A month before Christmas, a neighbour denuded or raped a tree violently (with professional tree cutters) of its beautiful hanging cedar branches. This tree who once held many birds, that sweetly sang, in its arms like a human mother with her baby. In fact, just the weekend prior, I witnessed a number of blue stellar jays fly up to perch beneath its bounteous green, seemingly cradled and caressed.
Have you ever wondered something along the lines of: If everything is energy, would this tree (and any tree for that matter) have spirit, i.e., a heart and soul (metaphorically speaking of course!)?
Inanimate objects may not speak with words, but they may ‘whisper.’ I know a person who actually hears trees, what messages they have to share. I consider him a tree whisperer: think horse whisperer. I bet he’s not the only one.
I imagine trees feel perhaps somewhat like animals with non-verbal communication, more powerful than words as we humans know: a plant or flower withers and dies, or not.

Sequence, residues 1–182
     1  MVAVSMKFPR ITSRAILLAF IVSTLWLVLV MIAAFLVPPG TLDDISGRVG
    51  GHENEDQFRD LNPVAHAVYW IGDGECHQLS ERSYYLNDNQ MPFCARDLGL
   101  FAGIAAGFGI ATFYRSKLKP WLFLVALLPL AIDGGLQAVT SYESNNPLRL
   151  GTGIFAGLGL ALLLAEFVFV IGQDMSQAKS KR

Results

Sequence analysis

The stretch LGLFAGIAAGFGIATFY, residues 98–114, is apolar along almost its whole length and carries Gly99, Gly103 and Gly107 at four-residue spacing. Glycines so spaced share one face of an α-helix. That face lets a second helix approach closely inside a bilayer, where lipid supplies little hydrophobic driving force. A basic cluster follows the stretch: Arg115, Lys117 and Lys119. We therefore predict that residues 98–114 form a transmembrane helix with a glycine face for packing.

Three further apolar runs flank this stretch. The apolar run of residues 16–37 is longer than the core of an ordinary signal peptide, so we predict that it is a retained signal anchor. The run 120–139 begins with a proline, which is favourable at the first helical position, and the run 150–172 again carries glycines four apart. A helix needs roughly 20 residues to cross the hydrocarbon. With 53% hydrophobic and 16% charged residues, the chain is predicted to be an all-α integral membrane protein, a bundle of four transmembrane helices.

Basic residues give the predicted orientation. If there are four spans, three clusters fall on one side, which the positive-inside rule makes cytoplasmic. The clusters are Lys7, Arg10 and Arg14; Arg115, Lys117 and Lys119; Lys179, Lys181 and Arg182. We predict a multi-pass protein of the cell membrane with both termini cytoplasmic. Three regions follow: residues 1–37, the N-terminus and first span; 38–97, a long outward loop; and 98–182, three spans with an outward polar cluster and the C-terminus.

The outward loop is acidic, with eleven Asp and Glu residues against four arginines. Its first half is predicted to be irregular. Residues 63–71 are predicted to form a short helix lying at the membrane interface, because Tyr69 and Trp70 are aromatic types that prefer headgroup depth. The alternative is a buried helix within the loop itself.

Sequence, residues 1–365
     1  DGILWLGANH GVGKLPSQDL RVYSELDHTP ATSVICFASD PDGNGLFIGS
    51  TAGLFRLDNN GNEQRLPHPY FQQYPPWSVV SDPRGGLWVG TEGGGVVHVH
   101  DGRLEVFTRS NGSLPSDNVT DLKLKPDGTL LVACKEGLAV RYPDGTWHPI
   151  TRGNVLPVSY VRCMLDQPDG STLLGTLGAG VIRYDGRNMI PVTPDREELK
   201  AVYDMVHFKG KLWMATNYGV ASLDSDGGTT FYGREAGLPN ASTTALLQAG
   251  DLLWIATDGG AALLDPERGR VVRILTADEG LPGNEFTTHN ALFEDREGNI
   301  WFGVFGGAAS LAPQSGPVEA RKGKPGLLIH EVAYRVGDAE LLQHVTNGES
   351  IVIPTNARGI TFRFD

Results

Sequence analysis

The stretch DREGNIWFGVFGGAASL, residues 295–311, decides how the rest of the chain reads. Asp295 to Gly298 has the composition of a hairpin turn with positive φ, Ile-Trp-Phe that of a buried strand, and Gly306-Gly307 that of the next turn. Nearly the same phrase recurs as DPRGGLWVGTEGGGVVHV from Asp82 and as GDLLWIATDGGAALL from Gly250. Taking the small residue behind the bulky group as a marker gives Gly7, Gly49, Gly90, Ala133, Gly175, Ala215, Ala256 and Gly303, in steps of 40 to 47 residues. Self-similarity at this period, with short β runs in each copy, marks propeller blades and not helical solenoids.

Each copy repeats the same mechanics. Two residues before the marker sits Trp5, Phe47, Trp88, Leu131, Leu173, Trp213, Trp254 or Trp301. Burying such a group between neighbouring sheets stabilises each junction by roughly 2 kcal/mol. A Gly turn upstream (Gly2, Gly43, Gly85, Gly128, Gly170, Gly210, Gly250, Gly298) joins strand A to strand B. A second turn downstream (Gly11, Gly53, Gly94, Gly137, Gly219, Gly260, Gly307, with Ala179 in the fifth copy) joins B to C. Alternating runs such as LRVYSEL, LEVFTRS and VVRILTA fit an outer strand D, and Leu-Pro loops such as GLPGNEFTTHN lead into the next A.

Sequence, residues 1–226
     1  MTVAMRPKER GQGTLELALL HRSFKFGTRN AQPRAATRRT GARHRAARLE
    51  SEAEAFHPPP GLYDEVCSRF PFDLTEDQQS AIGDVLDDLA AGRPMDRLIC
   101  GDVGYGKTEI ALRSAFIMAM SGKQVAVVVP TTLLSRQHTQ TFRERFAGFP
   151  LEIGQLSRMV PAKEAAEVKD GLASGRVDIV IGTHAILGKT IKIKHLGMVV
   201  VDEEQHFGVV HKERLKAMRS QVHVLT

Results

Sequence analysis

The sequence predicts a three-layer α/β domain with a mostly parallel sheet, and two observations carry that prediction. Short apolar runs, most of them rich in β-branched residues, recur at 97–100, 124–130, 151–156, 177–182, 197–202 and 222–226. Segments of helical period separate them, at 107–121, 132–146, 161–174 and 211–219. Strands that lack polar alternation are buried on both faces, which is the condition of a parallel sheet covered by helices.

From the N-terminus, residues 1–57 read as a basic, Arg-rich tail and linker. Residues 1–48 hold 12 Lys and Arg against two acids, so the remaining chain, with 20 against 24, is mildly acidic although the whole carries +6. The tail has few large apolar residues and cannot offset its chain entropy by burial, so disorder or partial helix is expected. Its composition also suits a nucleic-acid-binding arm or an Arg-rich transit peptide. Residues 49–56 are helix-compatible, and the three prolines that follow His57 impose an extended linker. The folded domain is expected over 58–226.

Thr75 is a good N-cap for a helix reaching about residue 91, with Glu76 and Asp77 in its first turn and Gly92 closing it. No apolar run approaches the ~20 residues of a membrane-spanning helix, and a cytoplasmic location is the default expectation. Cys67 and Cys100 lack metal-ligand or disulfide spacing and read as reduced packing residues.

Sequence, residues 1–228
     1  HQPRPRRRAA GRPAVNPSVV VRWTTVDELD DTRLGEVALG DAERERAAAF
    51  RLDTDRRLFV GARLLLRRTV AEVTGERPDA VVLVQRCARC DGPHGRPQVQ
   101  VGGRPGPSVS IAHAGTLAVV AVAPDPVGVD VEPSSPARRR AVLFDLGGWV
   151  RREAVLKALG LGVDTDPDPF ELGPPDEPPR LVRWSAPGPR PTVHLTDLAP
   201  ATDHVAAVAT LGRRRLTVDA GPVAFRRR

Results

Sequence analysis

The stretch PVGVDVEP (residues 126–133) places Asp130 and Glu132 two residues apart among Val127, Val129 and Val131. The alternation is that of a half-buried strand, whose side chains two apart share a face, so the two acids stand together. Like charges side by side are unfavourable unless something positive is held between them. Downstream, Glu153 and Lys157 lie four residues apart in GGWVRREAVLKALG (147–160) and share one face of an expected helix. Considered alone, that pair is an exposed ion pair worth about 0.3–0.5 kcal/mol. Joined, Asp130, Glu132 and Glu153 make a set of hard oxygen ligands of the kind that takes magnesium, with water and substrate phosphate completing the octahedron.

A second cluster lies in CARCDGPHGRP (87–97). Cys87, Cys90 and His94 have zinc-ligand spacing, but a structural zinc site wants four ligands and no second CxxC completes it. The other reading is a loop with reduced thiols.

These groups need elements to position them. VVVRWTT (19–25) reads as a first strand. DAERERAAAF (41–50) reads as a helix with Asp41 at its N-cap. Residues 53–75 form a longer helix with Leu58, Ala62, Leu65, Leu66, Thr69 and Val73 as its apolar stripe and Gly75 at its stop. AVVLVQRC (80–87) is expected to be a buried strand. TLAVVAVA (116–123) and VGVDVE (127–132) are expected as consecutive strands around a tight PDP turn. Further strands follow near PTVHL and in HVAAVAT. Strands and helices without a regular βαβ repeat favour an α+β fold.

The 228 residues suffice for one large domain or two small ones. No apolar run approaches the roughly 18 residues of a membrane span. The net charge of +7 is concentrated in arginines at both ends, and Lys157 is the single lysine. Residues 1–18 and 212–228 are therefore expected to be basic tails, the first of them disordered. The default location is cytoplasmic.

When I originally wrote a draft of this posting, my questions were: Will this tree die? What will become of it? Will new growth appear from its many mini-stumps like that which occurs in forests?
Potential growth or not, I had such a strong urge, a deep longing to hug this tree – what was left of it! – to console it, pray over it, and offer it some loving, tender healing touch. I felt though that it was probably too late to do so, and furthermore, I would be trespassing on my neighbour’s property and feared potential consequences. I wish I hadn’t been concerned for me, but more for the tree.
I wrote a poem this summer when I was in a very relaxed and peaceful state entitled, “What I Learn from Trees.” Hmmm, if the computer would allow me to type it with single spacing, then you would see it her; however, it is not cooperating with me now! (And yes, I did check the setting for spacing.)
This tree unfortunately did not make it. Eventually it was brought to its ultimate death in the form of a stump as it was deemed ugly and unbearable to look at. Such a shame, such a loss as it not only served as a shelter and abode for wildlife, but also a protection from the elements for me, not to mention just to simply witness its glorious, natural beauty and earthy scent.
It had served its purpose(s), albeit short-lived.
O Christmas tree, O Christmas tree,
How lovely were thy branches!
What gifts do trees offer you? And, how are you like a tree?